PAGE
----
Death rates rise after 20mph limit roll-out

Death rates rise after 20mph limit roll-out
Death rates rise after 20mph limit roll-out

A council review into new 20mph zones has revealed that deaths and serious accidents actually rose after the lower limits were introduced.

A year after rolling out 13 new 20mph zones, Bath and North East Somerset Council revealed that in seven of the areas the number of serious or fatal incidents increased.

The council‘s review found that the rates dropped in just three of the newly created zones and remained the same in three others.

The review concluded that: “Overall, the speed limit programme in B&NES [Bath and North East Somerset] seems to have provided little in the way of persuasive argument for continuing the programme into the future.

“Indeed, the rise in casualty numbers and severity as per the national trend (albeit with relatively small numbers in B&NES) would suggest against further expansion of area based schemes.”

Despite this, the council’s deputy leader said that the zones were likely to remain in force as it would be too expensive to reverse their implementation.

Patrick Anketell-Jones said: “It has cost over £800,000 to roll out the 20mph zones and it would probably cost the same to reverse them. We just haven’t got the money.

“I’m pretty sure the 20mph zones will stay in place for the foreseeable future.”

The council report warned that 20mph zones could give a false sense of security, noting: “It could be that local people perceive the area to be safer due to the presence of the 20mph restrictions and thus are less diligent when walking and crossing roads, cycling or otherwise travelling.”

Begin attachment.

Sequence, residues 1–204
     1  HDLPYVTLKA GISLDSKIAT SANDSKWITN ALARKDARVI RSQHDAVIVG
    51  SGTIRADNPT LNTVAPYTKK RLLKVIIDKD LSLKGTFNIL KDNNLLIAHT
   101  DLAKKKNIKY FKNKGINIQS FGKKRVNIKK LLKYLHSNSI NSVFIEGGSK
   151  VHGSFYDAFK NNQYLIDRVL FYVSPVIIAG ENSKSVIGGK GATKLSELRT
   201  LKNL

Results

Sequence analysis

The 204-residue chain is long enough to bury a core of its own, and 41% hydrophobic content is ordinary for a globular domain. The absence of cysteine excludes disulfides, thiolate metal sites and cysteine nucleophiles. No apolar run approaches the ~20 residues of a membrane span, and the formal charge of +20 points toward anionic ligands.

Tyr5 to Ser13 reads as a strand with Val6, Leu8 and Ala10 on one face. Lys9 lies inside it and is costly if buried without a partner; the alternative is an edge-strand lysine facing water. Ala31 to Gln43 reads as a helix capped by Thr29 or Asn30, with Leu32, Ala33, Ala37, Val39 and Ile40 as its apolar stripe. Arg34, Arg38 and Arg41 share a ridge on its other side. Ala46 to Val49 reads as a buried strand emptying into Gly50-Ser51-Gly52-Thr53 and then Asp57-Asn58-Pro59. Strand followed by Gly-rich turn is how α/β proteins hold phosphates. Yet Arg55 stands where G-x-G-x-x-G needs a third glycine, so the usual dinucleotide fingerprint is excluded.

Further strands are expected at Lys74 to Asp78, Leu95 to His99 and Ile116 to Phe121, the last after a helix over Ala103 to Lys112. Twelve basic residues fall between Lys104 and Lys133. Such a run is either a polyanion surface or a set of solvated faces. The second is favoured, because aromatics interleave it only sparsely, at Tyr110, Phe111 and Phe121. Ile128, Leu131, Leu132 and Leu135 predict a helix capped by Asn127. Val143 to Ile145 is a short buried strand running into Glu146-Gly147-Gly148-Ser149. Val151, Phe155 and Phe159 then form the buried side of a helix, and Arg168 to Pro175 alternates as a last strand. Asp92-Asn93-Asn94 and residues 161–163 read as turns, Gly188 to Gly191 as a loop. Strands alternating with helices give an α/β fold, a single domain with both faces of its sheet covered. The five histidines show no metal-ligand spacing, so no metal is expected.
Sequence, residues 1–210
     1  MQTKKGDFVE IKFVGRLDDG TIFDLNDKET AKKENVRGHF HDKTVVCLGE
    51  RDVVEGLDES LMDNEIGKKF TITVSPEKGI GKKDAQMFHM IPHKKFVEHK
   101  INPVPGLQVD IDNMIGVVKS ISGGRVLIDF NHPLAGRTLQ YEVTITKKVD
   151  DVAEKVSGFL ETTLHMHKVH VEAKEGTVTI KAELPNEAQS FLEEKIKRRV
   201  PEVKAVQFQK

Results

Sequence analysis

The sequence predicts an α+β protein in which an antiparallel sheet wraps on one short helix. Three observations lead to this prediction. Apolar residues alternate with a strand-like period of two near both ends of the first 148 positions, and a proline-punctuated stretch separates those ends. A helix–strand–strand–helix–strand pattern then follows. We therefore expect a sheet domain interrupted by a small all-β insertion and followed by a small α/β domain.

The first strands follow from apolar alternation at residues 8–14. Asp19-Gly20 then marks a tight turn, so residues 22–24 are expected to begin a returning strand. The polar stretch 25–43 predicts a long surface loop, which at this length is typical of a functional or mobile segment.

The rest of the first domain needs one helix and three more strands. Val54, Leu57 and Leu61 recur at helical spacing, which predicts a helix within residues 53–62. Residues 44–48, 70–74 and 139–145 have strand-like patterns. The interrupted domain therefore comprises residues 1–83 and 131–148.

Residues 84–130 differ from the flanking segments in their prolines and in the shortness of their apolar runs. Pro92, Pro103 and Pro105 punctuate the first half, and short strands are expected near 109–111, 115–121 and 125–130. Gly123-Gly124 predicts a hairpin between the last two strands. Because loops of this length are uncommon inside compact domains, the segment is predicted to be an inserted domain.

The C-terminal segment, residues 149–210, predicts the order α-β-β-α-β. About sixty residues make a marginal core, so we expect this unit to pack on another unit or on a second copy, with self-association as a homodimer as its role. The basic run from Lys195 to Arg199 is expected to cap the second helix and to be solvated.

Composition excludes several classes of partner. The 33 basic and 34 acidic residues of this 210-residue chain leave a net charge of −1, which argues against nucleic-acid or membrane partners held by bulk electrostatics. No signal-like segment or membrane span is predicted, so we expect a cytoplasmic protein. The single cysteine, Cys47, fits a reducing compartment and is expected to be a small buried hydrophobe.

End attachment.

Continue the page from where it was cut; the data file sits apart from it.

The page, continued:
It also suggested that drivers continuing to travel at higher speeds could be responsible for the increase in incidents.

The report comes a month after the Royal Society for the Prevention of Accidents published its own review into 20mph limits and concluded that they could help reduce casualties.

It noted: “A large number of evaluation studies have demonstrated a link between the introduction of 20mph zones and a subsequent reduction in casualties. The size of the reductions and the consistency of results over a wide number of areas are further evidence for this link.”

It, however, pointed out that the zones were much more effective where traffic calming measures were also introduced. The Bath and North East Somerset scheme only used lowered limits and signage.

The Bath report has also been criticised by the 20s Plenty for Us campaign group, which accused the report of being “biased and lacking in statistical rigour”, and questioned the small sample sizes and the comparison of urban and rural zones.

The RAC said the report highlighted the need for a more comprehensive study of 20mph zones.

RAC road safety spokesman Pete Williams said: “It is too early to draw constructive conclusions from a small study over a short period. We urge the Government to support local councils by conducting a national study into the effectiveness and best practice for the use of 20mph zones in a wide variety of locations and urban environments.

“The RAC has consistently highlighted that blanket 20mph zones are not the right approach as compliance diminishes as drivers have less confidence in their necessity or effectiveness. Nevertheless the RAC supports 20mph limits around accidents black spots and areas with high footfall and vulnerable road users such as around schools and hospitals.

“It is also clear that simply erecting a speed limit sign does little to change entrenched behaviours and what is required is a combination of interventions including better enforcement to ensure drivers know they are likely to be caught, an effective awareness-raising campaign, and better road design which makes roads ‘feel-like’ a 20mph limit road. ”

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